Sports Tech

Fitbit Alta: Prettiest fitness tracker in range

The Fitbit Alta comes with a sleek stainless steel tracker module, which has a 1.4-inch Oled touch-sensitive screen, and a black rubber strap that can be replaced with brighter-coloured ones like blue, teal or plum ($49.95 each).
The Fitbit Alta comes with a sleek stainless steel tracker module, which has a 1.4-inch Oled touch-sensitive screen, and a black rubber strap that can be replaced with brighter-coloured ones like blue, teal or plum ($49.95 each).PHOTO: FITBIT

Fitbit's fitness trackers, such as the Charge HR and Surge, are great performers. However, they are not known for their looks.

The new Fitbit Alta seeks to correct that flaw.

It comes with a sleek stainless steel tracker module, which has a 1.4-inch (128 x 36 pixels) Oled touch-sensitive screen and an easily-replaceable rubber strap.

A black strap is included (version tested), but you can swop it for a blue, teal or plum-coloured strap ($49.95 each). Premium leather straps ($99.95) and hand-polished stainless steel bangles ($149) are also available.

Eschewing buttons, the Alta looks more elegant than the recently-reviewed Garmin Vivosmart HR. In fact, it looks like a slimmed-down version of the Microsoft Band 2.

  • TECH SPECS

  • PRICE: $ 198

    MATERIAL: Stainless steel tracker module with rubber straps

    CONNECTIVITY: Bluetooth

    WATER RESISTANCE: Rain-, sweat- and splash-resistant

    WEIGHT: 29g

  • RATING

  • FEATURES: 3/5

    DESIGN: 4/5

    PERFORMANCE: 5/5

    BATTERY LIFE: 5/5

    VALUE FOR MONEY: 4/5

    OVERALL: 4/5

A push-slide mechanism allows you to easily remove and install the straps. I tried the graphite leather strap, which is much more comfortable and looks better than the rubber strap. But leather might be stained during workouts.

The Alta automatically tracks your steps taken, calories burnt, distance travelled and active minutes. You can toggle through these fitness stats by tapping on the screen. It also monitors your sleep automatically.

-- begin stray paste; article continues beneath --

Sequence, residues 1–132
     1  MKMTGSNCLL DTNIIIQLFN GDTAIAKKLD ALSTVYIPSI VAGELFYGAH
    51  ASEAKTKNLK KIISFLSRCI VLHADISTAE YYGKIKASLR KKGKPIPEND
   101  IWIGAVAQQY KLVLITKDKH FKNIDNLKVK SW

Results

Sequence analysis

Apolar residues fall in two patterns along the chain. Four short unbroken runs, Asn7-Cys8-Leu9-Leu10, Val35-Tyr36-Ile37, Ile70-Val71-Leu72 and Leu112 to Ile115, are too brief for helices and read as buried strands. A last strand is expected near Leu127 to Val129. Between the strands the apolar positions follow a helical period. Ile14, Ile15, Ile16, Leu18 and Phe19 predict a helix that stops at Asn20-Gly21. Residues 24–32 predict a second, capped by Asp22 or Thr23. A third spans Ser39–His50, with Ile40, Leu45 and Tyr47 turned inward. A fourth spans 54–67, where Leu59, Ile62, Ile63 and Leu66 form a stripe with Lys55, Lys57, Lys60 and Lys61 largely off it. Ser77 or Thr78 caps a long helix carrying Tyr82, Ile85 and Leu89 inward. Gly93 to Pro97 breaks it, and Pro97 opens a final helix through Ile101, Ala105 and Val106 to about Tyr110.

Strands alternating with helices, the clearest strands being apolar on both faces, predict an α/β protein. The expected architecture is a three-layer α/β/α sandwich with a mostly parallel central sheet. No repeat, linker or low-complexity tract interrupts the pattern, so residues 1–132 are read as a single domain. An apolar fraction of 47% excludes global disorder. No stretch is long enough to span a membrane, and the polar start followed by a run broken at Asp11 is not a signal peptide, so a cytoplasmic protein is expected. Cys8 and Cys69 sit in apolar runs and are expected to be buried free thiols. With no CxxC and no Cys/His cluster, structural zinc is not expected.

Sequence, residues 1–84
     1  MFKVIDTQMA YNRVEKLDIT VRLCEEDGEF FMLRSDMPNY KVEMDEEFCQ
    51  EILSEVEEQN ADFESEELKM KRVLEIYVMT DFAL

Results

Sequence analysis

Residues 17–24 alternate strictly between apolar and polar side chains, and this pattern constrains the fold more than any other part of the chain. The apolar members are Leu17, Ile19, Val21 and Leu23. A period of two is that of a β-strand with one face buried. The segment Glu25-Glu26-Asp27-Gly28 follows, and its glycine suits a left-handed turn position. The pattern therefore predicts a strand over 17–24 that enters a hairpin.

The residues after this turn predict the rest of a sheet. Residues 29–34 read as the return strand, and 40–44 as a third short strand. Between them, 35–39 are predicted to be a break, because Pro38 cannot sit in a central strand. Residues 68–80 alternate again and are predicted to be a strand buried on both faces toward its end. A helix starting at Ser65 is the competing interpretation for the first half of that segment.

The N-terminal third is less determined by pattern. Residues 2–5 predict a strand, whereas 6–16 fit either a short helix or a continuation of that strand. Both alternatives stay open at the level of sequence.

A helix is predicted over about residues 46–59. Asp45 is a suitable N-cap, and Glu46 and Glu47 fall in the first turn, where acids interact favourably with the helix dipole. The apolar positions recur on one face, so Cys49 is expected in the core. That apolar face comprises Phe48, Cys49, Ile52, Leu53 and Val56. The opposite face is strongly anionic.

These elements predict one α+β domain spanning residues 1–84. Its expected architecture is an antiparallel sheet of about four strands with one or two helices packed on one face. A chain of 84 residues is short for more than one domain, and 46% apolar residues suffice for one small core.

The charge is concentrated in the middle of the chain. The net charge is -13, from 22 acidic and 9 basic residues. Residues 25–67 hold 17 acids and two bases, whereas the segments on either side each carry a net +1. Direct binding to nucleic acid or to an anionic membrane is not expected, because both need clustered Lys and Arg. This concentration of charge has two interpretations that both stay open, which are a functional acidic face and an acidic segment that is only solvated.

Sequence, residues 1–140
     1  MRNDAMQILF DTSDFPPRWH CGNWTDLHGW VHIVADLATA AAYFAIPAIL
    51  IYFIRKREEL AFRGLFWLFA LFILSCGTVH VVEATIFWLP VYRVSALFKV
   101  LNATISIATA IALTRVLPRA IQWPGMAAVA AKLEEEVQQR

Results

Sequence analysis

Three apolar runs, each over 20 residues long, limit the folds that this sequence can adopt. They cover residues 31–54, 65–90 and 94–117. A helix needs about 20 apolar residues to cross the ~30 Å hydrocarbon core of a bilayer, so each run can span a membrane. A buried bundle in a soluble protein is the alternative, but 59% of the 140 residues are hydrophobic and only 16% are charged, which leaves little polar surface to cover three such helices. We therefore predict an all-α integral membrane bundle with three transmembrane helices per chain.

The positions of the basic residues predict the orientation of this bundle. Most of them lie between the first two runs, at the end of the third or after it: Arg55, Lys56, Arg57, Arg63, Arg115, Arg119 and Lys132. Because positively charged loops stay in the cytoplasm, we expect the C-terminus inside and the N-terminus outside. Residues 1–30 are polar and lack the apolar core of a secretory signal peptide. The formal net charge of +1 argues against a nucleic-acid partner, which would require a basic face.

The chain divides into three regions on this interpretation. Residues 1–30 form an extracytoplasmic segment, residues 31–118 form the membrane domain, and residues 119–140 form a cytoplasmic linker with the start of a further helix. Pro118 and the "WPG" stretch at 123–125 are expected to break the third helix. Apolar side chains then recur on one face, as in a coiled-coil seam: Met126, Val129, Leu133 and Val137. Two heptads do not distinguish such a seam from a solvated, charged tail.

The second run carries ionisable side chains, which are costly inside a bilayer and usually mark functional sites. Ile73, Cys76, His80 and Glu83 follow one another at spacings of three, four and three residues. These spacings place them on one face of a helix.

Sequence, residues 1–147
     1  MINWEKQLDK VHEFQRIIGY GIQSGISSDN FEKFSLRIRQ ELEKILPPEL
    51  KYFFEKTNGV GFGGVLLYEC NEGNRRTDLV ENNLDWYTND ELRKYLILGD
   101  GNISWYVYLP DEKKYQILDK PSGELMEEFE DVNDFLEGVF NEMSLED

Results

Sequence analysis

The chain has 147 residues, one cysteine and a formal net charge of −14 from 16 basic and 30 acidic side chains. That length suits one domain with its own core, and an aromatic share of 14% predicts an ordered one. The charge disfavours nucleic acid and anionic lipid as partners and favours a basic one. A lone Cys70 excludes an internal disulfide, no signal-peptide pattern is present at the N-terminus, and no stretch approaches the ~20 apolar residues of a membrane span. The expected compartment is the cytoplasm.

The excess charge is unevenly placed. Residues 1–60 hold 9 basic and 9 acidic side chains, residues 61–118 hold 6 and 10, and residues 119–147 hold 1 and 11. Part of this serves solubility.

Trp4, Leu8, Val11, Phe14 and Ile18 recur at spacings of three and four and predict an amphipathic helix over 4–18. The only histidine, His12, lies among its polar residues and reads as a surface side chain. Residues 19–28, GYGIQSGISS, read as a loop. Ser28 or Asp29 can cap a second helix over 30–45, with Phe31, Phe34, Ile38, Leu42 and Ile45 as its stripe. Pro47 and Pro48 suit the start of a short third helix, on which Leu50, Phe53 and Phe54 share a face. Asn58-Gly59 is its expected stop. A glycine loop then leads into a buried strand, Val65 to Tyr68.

Unlike the Charge HR, the Alta does not track your stair-climbing efforts. It also lacks a heart-rate (HR) monitor (which the Charge HR and Surge have), so you won't know your resting HR or HR zones during exercise.

The Alta is accurate, however, in terms of daily activity tracking. In terms of steps taken, its readings differ by only 2 per cent at most from my calibrated Charge HR. There were a few occasions when the two devices recorded the exact same number of steps for the day.

Sleep tracking is equally spot-on, with the device able to pinpoint the time I fell asleep and woke up with uncanny precision. And it will not think you are sleeping if you leave it on the table, unlike many trackers.

Its automatic activity tracking is smart enough to recognise when I am jogging. But it cannot compute distance, only the duration of the jogs and calories burned.

The touch-sensitive display is not very visible under bright sunlight. Also, it sometimes does not respond immediately to my taps.

When paired with a smartphone, the Alta displays notification for incoming calls, text and calendar events. But the display is too small and messages get cut off too soon.

You cannot swim or shower while wearing the Alta. It is only rated to resist rain, sweat and water splashes.

But battery life is better than the advertised five days. In my tests, the battery lasted up to a week most of the time before it needed to be charged.

• Verdict: If only the Fitbit Alta had a heart rate monitor, it would have easily garnered Editor's Choice with its good looks and great performance. I hope an Alta HR is in the works.

A version of this article appeared in the print edition of The Straits Times on April 20, 2016, with the headline 'SportsTech Fitbit Alta: Prettiest fitness tracker in range'. Print Edition | Subscribe